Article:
Thank you to all who joined the celebration of the opening of our CLT building, the first complete CLT in New York State. While cutting a ribbon is as common as champagne for celebrations of this sort, we opted to go with something a bit more “us”. Surrounded by a crowd of co-workers and fans, our fearless leader, Jonathan, wielded a chain saw to cut a timber at the main entry. See the sawdust fly in our symbolic opening:
It has been quite a ride involving nearly every coworker to create this building. We’re excited to have our fine woodworkers of NEWwoodworks settling in and sharing their craft with us daily. Our sister company, Pioneer Millworks, is enjoying smooth shipping and receiving from their new storage space at the back of the building. We’re anxious to experience the performance of this structure over the typically bitter New York winter. We have high expectations from the combination of CLTs, timber frame, and wood fiber (out-sulation).
If you’d like to see the opening ceremony event in its entirety check below. And for other vids of our adventures check out our YouTube page.
Gathering for the ribbon cutting official opening of our Cross Laminated Timber building.
Wood fiber installation, another product which is new to the US. Also referred to as “out-sulation” since it is installed on the outside of projects, the Wood Fiber panels offer 3.5R per inch, are FSC (Forest Stewardship Council) certified, and are a carbon sink – for each 1 m3 used, up to 1 tonne of CO2 is bound within the product. Made by Steico, we found this product installed with a fair amount of ease and is performing well.
The custom CNC cut corner tree received a coat of stain and is now sheltered behind glass.
Shou Sugi Ban is an ancient Japanese technique of burning wood as a preservative treatment for exterior siding. The process gives Pioneer Millworks Larch a dark, slightly iridescent look. We anticipate that in this exterior use it may change over time, depending on its exposure to the elements.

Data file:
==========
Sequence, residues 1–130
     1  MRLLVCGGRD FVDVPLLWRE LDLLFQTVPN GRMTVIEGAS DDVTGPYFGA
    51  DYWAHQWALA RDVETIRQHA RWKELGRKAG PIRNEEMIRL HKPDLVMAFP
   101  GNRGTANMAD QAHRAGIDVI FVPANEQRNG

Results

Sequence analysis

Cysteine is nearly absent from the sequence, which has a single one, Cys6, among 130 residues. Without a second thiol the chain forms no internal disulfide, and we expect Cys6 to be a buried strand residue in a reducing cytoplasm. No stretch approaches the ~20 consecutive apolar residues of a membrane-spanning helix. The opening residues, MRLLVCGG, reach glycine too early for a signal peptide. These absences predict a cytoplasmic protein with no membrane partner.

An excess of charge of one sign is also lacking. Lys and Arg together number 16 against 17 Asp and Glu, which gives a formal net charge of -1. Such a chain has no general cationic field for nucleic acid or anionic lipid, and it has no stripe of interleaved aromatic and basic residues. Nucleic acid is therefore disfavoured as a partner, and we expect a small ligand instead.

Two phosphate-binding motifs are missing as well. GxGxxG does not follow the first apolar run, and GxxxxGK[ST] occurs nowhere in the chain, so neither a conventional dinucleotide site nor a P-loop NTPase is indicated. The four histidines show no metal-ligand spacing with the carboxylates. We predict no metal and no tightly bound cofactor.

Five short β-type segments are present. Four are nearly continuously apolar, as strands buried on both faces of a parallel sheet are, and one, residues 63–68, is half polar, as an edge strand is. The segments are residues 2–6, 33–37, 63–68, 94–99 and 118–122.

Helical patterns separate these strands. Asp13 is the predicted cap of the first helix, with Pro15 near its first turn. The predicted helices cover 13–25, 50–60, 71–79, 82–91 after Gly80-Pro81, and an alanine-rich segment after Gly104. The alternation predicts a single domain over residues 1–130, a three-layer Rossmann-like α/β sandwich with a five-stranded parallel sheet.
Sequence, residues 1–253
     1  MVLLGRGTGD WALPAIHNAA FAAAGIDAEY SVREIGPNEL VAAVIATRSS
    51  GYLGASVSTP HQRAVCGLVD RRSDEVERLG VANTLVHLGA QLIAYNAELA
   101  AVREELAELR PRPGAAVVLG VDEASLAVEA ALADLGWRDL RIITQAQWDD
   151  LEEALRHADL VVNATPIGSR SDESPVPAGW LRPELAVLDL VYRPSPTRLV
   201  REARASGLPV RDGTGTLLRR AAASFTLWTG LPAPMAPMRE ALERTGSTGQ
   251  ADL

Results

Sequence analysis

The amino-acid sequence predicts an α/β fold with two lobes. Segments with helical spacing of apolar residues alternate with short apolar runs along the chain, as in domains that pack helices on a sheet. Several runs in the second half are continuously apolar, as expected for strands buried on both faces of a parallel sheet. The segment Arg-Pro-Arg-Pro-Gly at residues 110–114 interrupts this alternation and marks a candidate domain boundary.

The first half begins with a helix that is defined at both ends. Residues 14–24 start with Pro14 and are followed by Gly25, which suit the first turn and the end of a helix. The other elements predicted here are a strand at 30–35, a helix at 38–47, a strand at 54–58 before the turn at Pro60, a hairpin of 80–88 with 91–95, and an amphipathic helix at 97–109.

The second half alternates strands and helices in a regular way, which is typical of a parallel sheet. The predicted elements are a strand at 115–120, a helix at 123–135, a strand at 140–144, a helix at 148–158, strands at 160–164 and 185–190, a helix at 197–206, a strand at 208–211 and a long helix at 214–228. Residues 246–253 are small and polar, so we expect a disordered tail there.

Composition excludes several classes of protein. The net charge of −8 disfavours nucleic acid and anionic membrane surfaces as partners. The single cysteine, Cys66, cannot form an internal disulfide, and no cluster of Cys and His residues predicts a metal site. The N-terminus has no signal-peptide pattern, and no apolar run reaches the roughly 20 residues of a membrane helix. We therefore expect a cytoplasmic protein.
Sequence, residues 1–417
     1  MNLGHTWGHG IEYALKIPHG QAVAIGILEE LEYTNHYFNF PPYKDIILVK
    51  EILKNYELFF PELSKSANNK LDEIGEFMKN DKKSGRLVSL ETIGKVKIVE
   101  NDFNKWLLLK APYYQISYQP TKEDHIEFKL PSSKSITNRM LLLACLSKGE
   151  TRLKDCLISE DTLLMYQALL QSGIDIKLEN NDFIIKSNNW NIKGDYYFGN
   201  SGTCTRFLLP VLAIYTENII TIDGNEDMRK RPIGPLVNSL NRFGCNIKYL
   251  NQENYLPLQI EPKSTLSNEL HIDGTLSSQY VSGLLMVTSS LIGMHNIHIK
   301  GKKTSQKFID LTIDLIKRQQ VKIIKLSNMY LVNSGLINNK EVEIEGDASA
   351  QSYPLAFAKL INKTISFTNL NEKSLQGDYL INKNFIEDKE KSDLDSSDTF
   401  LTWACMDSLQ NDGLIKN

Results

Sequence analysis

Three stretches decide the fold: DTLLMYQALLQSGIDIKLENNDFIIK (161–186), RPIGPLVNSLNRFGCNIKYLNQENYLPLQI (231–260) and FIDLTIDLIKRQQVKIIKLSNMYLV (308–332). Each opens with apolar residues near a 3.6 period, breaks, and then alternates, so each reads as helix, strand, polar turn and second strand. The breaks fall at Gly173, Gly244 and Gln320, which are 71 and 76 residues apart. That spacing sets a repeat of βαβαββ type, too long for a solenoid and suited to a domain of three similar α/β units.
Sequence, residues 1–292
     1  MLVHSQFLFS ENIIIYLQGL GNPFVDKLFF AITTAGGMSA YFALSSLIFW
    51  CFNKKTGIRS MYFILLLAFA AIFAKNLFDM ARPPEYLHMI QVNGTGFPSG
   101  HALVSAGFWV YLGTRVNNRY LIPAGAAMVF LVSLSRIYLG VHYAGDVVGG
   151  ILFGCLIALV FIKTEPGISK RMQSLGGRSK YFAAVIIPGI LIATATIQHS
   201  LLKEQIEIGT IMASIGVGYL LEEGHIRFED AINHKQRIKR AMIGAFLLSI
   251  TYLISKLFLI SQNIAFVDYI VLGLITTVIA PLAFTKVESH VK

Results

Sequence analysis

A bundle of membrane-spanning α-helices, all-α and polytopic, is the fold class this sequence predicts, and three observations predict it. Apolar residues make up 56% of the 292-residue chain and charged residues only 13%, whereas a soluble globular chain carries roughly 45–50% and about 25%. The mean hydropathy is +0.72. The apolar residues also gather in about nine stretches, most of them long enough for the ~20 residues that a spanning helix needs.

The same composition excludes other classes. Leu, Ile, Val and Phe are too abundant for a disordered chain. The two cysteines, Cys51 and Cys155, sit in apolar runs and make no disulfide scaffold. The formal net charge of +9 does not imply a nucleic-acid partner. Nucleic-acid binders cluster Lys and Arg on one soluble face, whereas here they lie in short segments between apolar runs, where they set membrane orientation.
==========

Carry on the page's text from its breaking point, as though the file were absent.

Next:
Lights! All LED lighting combined with the natural light from the clerestory make this a very bright space. Our fine woodworkers are clamoring to move in for the lighting alone!
Concrete – what a BIG pour! Lots of man power and man hours. Concrete was flowed over radiant heat throughout the shop.
KB Masonry’s team handled this big pour.
Concrete complete and set! Sprinkler lines run…lights to come. Photo by Scott Hemenway.
Mechanicals, such a sprinklers, and duct work. Steve and Ed our maintenance duo have been hard at work installing duct work/dust collection alongside a few of our trusted partners who handled the sprinklers and other mechanicals.
Ed and Steve talk connections for the dust collection ducts.
Ed is a bit camera shy and did well on the man lift hiding behind the pipes.
Amenities including the break room and bathrooms are underway.
Plumbing and electric are in. Next: doors.
In use: Pioneer Millworks has begun using their storage and shipping space at the back of the building. What once seemed to be a cavernous 8,000 sq ft is filling up quickly with custom orders that are ready to ship and other weather sensitive products.
We’re on schedule to move all of our fine woodworking shop to their new space in mid-August. Check back for information on our ribbon cutting this Fall. And visit our previous blog post for more images, videos, and details of this project.
CLT construction is an economically and environmentally conscious alternative to steel and concrete construction, a material that is new to the U.S. building industry.
A quick description might be ‘giant plywood’. More specifically, CLTs are large wooden panels, typically consisting of 3, 5, or 7 layers of dimensional lumber, oriented at right angles, glued together. The panels for our project averaged 8 feet tall and 38 feet long at 3 ¼ and 3 ¾ inch thickness. Using a crane and lulls, the panels were lifted into place and fitted by hand to the supporting timber frame. Each CLT panel has a shiplap edge that nests the panels together and is secured with metal fasteners.